Have you recently experienced a knee injury, or are you starting to feel as if the range of motion in your knees is on the decline? If you have arthritis or any sort of damage to your cartilage, this can increasingly become a seriously painful and debilitating condition. Sports injuries, diseases, deficiencies, and normal aging processes tend to make it more difficult, if not impossible, for the average person to run, walk, climb, lift heavy objects, and do all of the things that we all enjoy doing throughout our lives. Fortunately, when the pain or limited flexibility of our legs starts to interfere with our usual routines, many of us have the opportunity to relieve our pain and restore our mobility through total knee replacement surgery.
With modern advancements and discoveries in surgical technologies and techniques, knee replacements have become a reasonable option for more and more patients. Depending on the nature of the injury or joint condition, different types of knee operations may be considered. Some surgeries are minimally invasive, while others involve a more complex procedure to remove the surface of the joint, along with small parts of the bone. The surgeons at Rothman Institute perform over nine thousand joint replacements each year, and many of our physicians have concentrated in one or more specialties, such as knee, hip, and spinal surgery procedures. When it comes to total knee replacement surgery, you can depend on Rothman Institute to provide the best diagnosis, treatment, and plans for recovery and prevention.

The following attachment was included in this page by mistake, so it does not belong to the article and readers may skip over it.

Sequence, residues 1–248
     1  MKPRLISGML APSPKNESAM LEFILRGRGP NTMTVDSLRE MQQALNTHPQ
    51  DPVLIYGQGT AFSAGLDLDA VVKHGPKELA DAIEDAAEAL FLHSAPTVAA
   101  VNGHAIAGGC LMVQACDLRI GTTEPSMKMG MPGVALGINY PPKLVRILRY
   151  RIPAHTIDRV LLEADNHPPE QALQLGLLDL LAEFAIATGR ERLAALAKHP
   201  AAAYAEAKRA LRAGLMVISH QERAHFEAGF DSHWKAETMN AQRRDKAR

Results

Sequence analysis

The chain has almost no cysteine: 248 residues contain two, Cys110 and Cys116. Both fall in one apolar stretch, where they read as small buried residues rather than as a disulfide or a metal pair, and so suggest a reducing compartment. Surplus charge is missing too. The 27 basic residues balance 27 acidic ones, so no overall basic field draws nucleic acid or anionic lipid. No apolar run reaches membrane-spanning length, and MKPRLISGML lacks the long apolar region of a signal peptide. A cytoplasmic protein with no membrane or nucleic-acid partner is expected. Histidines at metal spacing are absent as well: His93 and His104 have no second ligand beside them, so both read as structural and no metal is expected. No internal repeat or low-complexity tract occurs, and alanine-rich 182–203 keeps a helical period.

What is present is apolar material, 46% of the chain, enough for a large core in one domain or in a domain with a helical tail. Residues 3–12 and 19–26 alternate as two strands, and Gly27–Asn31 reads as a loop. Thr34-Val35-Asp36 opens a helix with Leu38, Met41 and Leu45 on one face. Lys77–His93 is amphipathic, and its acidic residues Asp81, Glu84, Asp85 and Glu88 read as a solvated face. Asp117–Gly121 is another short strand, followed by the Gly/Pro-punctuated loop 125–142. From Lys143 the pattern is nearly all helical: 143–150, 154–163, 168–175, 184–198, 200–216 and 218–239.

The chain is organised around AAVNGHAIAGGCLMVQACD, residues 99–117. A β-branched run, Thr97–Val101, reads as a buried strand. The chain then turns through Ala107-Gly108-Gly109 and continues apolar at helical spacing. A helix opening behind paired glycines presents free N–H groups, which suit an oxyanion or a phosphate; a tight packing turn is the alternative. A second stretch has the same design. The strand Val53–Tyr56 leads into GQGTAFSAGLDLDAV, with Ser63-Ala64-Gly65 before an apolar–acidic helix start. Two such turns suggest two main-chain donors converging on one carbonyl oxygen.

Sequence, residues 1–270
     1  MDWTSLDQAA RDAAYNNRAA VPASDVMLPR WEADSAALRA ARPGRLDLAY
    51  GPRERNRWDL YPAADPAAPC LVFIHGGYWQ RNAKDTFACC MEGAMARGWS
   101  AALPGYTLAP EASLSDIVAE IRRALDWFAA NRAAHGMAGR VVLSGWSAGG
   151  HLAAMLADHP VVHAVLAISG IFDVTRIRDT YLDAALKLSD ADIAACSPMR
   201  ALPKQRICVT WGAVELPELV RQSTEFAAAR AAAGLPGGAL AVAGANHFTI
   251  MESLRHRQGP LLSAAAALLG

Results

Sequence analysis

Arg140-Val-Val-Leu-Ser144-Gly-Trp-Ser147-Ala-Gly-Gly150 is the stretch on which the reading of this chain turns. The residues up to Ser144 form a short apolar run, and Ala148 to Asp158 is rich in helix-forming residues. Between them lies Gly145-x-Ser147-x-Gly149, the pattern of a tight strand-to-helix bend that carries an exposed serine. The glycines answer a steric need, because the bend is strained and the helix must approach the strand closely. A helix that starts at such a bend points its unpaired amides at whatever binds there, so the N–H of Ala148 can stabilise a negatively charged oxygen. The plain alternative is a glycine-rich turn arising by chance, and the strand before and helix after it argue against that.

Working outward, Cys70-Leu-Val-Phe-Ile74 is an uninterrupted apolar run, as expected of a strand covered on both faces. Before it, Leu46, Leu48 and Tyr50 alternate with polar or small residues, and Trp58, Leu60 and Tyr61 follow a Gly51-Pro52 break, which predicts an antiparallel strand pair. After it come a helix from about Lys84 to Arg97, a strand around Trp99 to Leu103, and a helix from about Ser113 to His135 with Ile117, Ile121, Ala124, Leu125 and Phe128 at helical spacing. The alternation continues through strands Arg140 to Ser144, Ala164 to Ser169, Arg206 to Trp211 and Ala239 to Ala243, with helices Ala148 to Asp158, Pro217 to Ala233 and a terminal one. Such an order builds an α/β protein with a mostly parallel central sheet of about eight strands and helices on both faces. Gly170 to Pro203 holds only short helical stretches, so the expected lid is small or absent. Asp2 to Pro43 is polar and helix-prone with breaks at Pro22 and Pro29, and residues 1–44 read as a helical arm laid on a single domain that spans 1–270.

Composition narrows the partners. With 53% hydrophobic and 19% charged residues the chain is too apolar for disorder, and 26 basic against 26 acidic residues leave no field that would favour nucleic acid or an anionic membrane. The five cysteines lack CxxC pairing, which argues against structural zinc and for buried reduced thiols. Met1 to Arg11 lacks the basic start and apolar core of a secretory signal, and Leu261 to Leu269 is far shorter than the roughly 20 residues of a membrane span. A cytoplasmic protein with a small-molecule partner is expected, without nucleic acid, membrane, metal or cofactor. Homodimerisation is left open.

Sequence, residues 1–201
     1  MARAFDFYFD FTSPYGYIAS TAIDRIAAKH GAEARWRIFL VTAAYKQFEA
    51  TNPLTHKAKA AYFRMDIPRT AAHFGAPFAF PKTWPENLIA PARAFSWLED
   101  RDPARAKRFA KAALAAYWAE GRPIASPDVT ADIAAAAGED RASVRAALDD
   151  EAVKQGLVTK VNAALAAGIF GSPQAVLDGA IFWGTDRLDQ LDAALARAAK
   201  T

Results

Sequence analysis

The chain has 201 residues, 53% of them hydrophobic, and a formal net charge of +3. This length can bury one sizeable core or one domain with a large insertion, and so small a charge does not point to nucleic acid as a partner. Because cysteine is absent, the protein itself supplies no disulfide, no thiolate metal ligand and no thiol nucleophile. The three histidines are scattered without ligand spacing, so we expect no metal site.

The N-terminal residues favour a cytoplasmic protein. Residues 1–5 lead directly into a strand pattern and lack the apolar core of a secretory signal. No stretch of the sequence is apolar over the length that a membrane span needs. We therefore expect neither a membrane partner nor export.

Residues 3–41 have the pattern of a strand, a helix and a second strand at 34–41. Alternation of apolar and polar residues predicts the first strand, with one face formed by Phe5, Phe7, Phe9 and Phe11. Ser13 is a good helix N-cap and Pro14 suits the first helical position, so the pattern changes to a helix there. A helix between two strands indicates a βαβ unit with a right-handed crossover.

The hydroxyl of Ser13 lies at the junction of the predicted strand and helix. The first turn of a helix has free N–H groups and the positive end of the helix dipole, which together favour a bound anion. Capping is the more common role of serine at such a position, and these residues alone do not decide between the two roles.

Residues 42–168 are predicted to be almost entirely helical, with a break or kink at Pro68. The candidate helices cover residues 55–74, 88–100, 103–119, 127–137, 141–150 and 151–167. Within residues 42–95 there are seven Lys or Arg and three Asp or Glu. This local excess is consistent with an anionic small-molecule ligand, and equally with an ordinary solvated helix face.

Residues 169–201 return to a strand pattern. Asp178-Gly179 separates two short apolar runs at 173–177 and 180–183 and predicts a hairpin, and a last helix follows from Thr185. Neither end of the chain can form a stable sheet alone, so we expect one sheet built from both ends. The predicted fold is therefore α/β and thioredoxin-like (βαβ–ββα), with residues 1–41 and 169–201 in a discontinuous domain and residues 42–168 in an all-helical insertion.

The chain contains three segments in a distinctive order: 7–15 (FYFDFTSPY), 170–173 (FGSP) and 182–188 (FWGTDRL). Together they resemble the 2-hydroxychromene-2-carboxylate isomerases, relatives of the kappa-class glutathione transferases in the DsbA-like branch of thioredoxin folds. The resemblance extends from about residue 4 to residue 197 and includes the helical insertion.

Total Knee Replacement Surgery: The Basics
First performed in the late 1960s, knee replacement surgery has significantly improved over nearly fifty years of medical advancements. Over 600,000 of these operations are performed every year, and with much practice come a great deal of success. In fact, few procedures have a success rate that rivals that of knee surgery. Of course, total knee replacement surgery is not for every patient. A variety of factors will be cited to determine whether or not someone is a candidate for a knee replacement, also known as prosthesis. The following list of problems and symptoms should be considered as indicators of a possibility that a knee replacement procedure is appropriate for a given patient:
- Severe damage as a result of an accident or sports injury
- Arthritis that causes constant or recurring pain in the knee joint
- Limited mobility and stiffness
- Pain related to a previous injury to the knee
- Deterioration of the cartilage or bones
If you are suffering from these issues or any other problems with your knees, start a conversation with your physician about the potential need for knee replacement surgery.
Often referred to as a knee arthroplasty, the procedure for replacement knees might be more accurately termed as a “resurfacing.” First, the damaged cartilage at the ends of the tibia and femur are removed. Then, a small amount of bone surface is shaved off, and metal surfaces are placed in the joint. The kneecap, or the patella, may be resurfaced, depending on the circumstances. And finally, a plastic surface is carefully placed between the metal components in order to allow for smooth flexibility of the joint.
This operation may be performed on both knees simultaneously, if the patient is healthy enough to rehabilitate symmetrically. For most patients around and over the age of 80, a Staged Bilateral Knee Replacement is recommended. This requires two separate surgeries and a longer overall recovery time; however, the risks against a smooth recovery for each knee are significantly reduced by taking this approach.
Ask the doctors at Rothman Institute for more information on total knee replacement surgery. You can count on us for a thorough evaluation and expert recommendations on the best possible treatment for you and your knees.